Americans spent more than 10 hours per week traveling in the early 1990s—the highest amount in two decades—but that number has since dropped below 1975 levels to less than 8.5 hours, according to a new study published in Transportation Research Part A. The resulting travel time peak, mirrors a similar peak in average vehicle miles traveled that occurred roughly a decade later. This earlier peak, however, suggests that important shifts in travel behavior were already underway well before the recession took hold around 2007.
How does the built environment influence the amount people drive? Research by SSTI’s Logan Dredske worked to answer this very question. The focus of his research was to create a framework for estimating vehicle miles traveled based on conditions of the built environment. His goal was to use measures of accessibility as the principal proxy for the built environment. The research also converted vehicle miles traveled into greenhouse gas emissions and evaluated the ability of transportation projects to reduce emissions.
Ten years ago, the State of Hawaii set an ambitious goal to reduce their dependence on imported oil and create a clean energy future by 2045. The Elemental Excelerator commissioned Rhodium Group and Smart Growth America to analyze specifically what it will take for Hawaii to reach that goal. The report on that analysis—Transcending Oil: Hawaii’s Path to a Clean Energy Economy—was released on Earth Day and explains that transitioning Hawaii off of oil will pay many benefits.
The new 2017 National Household Travel Survey gives us our first look at changing travel habits since the recession. From what we can tell, the average American drives less in 2017 than eight years earlier. Driving also seems to have increased considerably among Millennials—but mostly among those with the lowest incomes—bucking expectations. The results may indicate that those with higher incomes are now choosing to live where they need to drive less.
Recent research looks at the impact telecommuting has on vehicle miles traveled (VMT). The research used the 2009 National Household Travel Survey to compare daily VMT for those who frequently telecommute to those who do not telecommute or only telecommute occasionally. Results indicated that more telecommuting was associated with higher levels of annual VMT. However, increased driving can be avoided with housing close to jobs, improved transit options, and support for transit-oriented developments.
Update: Our original post noted a major decrease in household vehicle miles traveled from the 2009 National Household Travel Survey to the 2017 survey. Due to methodological changes from year-to-year, we’re looking deeper into the new data to validate any apparent trends in travel behavior.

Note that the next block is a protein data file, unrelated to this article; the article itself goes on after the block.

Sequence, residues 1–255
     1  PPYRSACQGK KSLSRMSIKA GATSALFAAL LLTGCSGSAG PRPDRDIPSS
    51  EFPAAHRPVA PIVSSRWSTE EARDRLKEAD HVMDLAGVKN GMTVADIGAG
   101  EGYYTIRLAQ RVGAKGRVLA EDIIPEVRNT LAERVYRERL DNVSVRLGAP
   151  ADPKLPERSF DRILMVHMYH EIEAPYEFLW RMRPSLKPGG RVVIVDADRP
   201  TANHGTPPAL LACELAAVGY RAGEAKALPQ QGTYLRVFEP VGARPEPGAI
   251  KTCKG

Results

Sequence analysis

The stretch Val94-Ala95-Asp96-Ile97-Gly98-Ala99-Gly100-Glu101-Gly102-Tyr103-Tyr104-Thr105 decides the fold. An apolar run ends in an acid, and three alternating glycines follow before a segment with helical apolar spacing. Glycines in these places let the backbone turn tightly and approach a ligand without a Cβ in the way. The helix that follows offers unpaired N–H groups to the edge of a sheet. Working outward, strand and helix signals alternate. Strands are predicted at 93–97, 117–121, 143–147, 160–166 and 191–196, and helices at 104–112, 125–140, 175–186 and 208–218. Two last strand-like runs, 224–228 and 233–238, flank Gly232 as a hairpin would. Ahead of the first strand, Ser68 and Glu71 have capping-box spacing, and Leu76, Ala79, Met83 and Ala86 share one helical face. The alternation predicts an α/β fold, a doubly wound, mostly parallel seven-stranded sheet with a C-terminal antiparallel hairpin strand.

Until we can validate the methodology and numbers, we have removed the post.
A new study from the Institute of Transportation Studies at University of California–Davis delves into the effects of ride-hailing (Uber and Lyft) use on other parts of our transportation system. What they find confirms some assumptions and disproves others. Interrelationships between parking, vehicle ownership, use of different forms of transit, and effect on vehicle miles traveled are all examined. The reasons respondents gave for using ride-hailing services may also impact transportation policy decisions.
A newly released study sponsored by CalTrans offers a thorough review and analysis of research and practice related to the limitations of existing travel forecasting models. The authors focus on limitations in forecasting induced vehicle travel generated by adding lane miles during a capacity expansion. Acknowledging that many practitioners may not have access to more advanced travel models capable of capturing induced demand, the authors recommend project staff in these cases rely on general elasticities while acknowledging the shortcomings in the analysis.
The total number of vehicle miles traveled in the U.S. grew by 2.8 percent to 3.2 trillion in 2016, according to monthly estimates from USDOT. This marks the third year of notable growth following nine years of historical lows, but still shows slower growth than in the previous year (3.5 percent, based on the most recent numbers).
The effect of transportation network companies is one of the central concerns of transportation planning, in part because TNCs can provide a hint about what might happen when driverless vehicles become widely available. In addition, to date the lack of TNCs’ willingness to share data has limited our ability to assess these effects. A new report focusing on these services in New York City, sheds welcome new light on the topic, and provides plenty of evidence for pessimism about the sustainability of TNCs, conventional or driverless, without significant policy intervention.